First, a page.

ECG Case 070

Elderly patient presenting with sudden onset of chest pain and shortness of breath. Hypoxic (SaO2 82% RA) and hypotensive (80/50). Describe and interpret his ECG


Describe and interpret this ECG


There are multiple features suggestive of right ventricular hypertrophy or RV strain:

Given the clinical history, the most likely scenario is acute right heart strain due to massive pulmonary embolism.

A similar ECG pattern may also be seen with chronic cor pulmonale, pulmonary hypertension or RV hypertrophy (e.g. due to congenital heart disease).


ECG changes in pulmonary embolism include:

  • Sinus tachycardia – the most common abnormality; seen in 44% of patients.
  • Complete or incomplete RBBB associated with increased mortality; seen in 18% of patients.
  • Right ventricular strain pattern –  T wave inversions in the right precordial leads (V1-4) ± the inferior leads (II, III, aVF). This pattern is seen in up to 34% of patients and is associated with high pulmonary artery pressures.
  • Right axis deviation – seen in 16% of patients. Extreme right axis deviation may occur, with axis between zero and -90 degrees, giving the appearance of left axis deviation (“pseudo left axis”).
  • Dominant R wave in V1 – a manifestation of acute right ventricular dilatation.
  • Right atrial enlargement (P pulmonale) – peaked P wave in lead II > 2.5 mm in height. Seen in 9% of patients.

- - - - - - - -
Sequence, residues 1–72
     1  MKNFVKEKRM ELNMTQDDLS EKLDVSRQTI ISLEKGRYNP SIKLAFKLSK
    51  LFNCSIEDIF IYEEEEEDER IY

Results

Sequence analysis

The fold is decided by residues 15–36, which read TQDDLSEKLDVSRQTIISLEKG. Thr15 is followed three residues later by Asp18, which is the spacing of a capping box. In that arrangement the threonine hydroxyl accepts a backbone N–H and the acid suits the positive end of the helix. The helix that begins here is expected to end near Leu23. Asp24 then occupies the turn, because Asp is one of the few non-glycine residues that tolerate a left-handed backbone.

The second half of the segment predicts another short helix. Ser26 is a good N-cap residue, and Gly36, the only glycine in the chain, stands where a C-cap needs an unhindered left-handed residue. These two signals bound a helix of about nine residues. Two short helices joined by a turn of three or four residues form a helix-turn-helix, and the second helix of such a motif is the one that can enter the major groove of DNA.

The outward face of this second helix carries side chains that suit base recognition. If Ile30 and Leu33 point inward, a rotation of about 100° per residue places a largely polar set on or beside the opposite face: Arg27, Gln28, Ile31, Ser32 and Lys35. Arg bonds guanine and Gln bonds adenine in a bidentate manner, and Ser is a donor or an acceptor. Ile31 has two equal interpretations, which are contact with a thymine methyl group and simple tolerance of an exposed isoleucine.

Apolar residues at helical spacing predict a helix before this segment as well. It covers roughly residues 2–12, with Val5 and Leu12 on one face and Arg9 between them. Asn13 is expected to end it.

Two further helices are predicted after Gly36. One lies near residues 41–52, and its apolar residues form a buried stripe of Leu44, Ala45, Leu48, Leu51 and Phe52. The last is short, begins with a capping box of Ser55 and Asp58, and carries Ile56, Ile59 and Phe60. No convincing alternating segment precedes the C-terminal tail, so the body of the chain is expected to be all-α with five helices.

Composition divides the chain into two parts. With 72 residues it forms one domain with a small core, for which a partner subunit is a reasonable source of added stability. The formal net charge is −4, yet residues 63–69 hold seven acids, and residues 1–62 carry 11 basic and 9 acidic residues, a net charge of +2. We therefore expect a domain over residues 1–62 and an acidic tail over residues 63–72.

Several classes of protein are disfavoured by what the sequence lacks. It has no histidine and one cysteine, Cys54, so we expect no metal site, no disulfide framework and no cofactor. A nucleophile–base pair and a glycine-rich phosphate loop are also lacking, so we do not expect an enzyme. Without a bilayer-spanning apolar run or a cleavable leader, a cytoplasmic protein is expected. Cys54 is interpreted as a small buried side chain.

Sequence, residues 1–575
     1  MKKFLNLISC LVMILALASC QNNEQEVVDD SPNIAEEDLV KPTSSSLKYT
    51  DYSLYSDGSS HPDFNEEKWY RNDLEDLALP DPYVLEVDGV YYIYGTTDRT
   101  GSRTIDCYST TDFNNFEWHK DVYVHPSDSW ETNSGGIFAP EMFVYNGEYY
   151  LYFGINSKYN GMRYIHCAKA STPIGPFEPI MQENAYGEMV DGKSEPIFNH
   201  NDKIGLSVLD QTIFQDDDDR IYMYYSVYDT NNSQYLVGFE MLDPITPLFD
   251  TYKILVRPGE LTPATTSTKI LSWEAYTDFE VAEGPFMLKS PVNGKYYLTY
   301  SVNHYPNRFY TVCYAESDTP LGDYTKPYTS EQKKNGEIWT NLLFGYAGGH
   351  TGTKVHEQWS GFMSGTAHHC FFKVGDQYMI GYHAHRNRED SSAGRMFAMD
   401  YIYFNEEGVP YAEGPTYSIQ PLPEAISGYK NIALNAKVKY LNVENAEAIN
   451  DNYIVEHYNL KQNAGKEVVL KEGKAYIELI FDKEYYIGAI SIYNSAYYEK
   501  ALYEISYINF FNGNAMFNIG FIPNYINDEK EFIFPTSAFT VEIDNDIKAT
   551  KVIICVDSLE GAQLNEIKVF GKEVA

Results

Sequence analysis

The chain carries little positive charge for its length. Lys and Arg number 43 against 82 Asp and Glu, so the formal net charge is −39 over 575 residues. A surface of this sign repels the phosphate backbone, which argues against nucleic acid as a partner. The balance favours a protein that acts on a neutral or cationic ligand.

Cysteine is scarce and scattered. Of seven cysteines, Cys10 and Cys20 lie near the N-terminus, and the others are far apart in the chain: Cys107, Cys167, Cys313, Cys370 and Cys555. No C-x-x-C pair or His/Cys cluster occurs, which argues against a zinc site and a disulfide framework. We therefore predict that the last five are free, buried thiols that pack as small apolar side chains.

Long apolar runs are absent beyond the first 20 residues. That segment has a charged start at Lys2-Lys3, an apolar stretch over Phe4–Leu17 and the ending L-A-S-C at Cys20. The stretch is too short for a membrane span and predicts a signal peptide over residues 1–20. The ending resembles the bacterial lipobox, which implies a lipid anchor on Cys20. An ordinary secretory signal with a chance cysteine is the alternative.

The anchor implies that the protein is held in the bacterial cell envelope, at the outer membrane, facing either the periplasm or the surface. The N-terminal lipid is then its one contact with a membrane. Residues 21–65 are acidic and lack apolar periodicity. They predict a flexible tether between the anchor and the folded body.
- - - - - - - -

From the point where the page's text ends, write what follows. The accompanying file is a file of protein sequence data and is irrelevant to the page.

• SI QIII TIII  pattern – deep S wave in lead I, Q wave in III, inverted T wave in III. This “classic” finding is neither sensitive nor specific for pulmonary embolism; found in only 20% of patients with PE.
  • Clockwise rotation – shift of the R/S transition point towards V6 with a persistent S wave in V6 (“pulmonary disease pattern”), implying rotation of the heart due to right ventricular dilatation.
  • Atrial tachyarrhythmias – AF, flutter, atrial tachycardia. Seen in 8% of patients.
  • Non-specific ST segment and T wave changes, including ST elevation and depression. Reported in up to 50% of patients with PE.

Simultaneous T wave inversions in the inferior (II, III, aVF) and right precordial leads (V1-4) is the most specific finding in favour of PE. 

TOP 100 ECG Series

Emergency Physician in Prehospital and Retrieval Medicine in Sydney, Australia. He has a passion for ECG interpretation and medical education | ECG Library |

Leave a Reply

This site uses Akismet to reduce spam. Learn how your comment data is processed.